Effects of Caffeine on Performances of Simulated Match, Wingate Anaerobic Test, and Cognitive Function Test of Elite Taekwondo Athletes in Hong Kong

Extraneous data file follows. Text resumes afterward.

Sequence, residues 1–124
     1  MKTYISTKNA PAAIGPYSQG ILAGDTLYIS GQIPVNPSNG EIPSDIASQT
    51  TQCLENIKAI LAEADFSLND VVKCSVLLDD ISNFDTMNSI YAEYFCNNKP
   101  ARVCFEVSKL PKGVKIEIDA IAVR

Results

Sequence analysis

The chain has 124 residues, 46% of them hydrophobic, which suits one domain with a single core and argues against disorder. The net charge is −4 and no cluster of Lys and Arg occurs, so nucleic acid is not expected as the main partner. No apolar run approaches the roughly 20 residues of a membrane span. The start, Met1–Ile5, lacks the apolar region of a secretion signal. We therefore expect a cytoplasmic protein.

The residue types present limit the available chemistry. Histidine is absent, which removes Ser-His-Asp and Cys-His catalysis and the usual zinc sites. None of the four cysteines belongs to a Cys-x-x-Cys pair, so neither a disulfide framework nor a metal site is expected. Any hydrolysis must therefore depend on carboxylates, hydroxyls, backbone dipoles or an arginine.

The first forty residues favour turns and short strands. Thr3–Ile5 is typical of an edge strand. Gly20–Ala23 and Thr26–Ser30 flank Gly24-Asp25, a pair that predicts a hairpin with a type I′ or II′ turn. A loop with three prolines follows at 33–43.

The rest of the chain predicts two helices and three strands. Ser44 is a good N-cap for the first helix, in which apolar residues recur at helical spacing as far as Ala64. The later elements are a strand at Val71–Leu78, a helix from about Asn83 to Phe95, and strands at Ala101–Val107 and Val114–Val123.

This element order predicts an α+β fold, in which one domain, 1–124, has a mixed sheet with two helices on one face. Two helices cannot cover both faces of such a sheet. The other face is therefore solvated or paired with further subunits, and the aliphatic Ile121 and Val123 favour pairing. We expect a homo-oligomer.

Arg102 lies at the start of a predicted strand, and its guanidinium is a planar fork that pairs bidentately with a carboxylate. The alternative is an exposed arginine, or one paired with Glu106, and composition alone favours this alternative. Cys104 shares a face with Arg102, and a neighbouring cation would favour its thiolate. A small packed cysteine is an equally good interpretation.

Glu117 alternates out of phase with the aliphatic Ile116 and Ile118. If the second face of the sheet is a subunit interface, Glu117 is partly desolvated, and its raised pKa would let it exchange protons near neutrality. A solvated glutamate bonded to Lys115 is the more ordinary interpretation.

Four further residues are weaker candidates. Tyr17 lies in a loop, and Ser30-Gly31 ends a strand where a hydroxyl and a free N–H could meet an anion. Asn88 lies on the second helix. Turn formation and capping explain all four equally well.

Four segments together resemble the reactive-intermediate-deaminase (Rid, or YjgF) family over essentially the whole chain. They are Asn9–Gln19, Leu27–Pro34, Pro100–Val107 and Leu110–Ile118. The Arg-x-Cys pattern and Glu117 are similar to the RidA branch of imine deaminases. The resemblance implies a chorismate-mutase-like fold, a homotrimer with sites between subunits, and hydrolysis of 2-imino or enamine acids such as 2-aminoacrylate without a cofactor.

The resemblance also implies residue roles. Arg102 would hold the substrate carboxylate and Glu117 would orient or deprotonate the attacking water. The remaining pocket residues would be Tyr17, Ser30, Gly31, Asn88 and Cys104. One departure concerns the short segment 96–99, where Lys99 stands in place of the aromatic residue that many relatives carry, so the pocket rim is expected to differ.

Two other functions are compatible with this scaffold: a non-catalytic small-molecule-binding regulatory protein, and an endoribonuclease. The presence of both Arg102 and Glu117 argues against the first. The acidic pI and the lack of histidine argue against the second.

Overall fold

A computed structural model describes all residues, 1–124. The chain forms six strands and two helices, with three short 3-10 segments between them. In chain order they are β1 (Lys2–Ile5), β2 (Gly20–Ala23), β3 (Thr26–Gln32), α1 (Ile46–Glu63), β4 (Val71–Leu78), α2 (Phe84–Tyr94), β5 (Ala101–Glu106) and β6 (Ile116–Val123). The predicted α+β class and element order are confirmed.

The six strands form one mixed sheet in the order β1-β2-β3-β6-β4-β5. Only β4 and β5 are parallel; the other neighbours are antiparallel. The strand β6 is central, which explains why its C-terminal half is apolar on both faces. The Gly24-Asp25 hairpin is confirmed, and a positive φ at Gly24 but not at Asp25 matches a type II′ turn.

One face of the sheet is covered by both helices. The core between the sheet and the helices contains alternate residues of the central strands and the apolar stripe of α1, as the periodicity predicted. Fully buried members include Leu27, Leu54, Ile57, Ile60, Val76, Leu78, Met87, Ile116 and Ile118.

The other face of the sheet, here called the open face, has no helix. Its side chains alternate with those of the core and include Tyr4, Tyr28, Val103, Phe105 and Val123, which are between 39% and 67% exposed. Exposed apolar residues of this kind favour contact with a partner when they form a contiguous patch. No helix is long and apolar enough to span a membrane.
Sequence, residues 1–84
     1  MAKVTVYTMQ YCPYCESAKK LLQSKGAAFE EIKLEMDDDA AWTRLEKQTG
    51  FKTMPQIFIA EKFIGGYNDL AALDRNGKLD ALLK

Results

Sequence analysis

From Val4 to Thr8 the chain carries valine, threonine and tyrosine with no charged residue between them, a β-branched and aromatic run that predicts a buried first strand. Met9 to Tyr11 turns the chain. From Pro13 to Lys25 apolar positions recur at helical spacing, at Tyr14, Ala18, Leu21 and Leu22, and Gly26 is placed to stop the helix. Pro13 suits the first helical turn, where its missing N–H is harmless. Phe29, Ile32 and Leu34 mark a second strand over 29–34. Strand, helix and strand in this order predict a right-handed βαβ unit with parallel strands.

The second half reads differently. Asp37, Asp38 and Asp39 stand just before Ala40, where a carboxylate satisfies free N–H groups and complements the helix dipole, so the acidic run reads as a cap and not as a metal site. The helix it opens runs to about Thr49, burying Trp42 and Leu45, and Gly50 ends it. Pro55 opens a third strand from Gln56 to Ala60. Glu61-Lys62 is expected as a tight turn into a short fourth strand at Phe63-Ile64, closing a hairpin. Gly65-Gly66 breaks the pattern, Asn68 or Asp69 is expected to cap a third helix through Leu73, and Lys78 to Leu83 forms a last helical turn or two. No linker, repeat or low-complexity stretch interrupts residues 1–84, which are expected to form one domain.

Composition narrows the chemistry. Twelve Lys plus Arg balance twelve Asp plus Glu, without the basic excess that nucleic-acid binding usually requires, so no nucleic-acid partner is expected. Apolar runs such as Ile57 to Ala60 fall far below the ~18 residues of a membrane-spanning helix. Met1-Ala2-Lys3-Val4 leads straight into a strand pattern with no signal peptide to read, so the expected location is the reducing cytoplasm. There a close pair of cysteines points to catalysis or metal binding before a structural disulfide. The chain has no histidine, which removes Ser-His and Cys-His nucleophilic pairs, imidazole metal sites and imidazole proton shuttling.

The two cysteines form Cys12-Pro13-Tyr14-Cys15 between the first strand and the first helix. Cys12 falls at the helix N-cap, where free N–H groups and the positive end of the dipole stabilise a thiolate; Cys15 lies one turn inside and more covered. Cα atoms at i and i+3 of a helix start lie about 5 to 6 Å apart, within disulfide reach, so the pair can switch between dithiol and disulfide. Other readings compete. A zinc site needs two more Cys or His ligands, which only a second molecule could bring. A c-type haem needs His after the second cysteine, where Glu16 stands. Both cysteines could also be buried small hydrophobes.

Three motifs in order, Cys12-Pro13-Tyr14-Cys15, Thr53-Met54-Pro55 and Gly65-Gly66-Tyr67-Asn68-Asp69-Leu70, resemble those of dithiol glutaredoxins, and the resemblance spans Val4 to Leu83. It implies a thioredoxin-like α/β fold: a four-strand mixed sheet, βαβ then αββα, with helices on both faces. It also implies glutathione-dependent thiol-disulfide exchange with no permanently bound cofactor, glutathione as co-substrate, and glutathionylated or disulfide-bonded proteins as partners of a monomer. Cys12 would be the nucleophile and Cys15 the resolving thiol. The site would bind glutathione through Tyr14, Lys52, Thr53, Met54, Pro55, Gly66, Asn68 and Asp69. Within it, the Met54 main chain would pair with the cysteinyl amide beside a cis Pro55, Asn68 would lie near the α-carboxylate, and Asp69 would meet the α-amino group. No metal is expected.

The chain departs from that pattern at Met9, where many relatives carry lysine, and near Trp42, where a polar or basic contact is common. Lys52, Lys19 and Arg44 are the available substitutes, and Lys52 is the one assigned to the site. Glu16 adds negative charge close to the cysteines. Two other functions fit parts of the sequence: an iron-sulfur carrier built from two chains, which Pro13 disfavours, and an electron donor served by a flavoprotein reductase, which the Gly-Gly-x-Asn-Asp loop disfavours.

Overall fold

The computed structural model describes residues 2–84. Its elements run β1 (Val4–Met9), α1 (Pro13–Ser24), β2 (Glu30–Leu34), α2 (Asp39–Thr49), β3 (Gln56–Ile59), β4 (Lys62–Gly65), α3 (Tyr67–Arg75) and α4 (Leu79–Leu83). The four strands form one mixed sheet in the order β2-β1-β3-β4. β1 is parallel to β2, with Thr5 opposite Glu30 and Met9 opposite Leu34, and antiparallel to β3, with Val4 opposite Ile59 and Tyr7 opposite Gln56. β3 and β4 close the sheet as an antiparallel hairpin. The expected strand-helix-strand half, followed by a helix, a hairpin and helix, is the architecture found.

This study aimed to investigate the effects of caffeine on performances of simulated match, Wingate Anaerobic Test (WAnT), and cognitive function test of elite taekwondo athletes. Ten elite taekwondo athletes in Hong Kong volunteered to participate in two main trials in a randomized double-blinded crossover design. In each main trial, 1 h after consuming a drink with caffeine (CAF) or a placebo drink without caffeine (PLA), the participants completed two simulated taekwondo match sessions followed by the WAnT. The participants were instructed to complete three cognitive function tests, namely the Eriksen Flanker Test (EFT), Stroop Test, and Rapid Visual Information Processing Test, at baseline, before exercise, and immediately after the simulated matches. They were also required to wear functional near-infrared spectroscopy equipment during these tests. Before exercise, the reaction time in the EFT was shorter in the CAF trial than in the PLA trial (PLA: 494.9 ± 49.2 ms vs. CAF: 467.9 ± 38.0 ms, p = 0.035). In the WAnT, caffeine intake increased the peak power and mean power per unit of body weight (by approximately 13% and 6%, respectively, p = 0.018 & 0.042). The performance in the simulated matches was not affected by caffeine intake (p = 0.168). In conclusion, caffeine intake enhances anaerobic power and may improve certain cognitive functions of elite taekwondo athletes in Hong Kong. However, this may not be enough to improve the simulated match performance.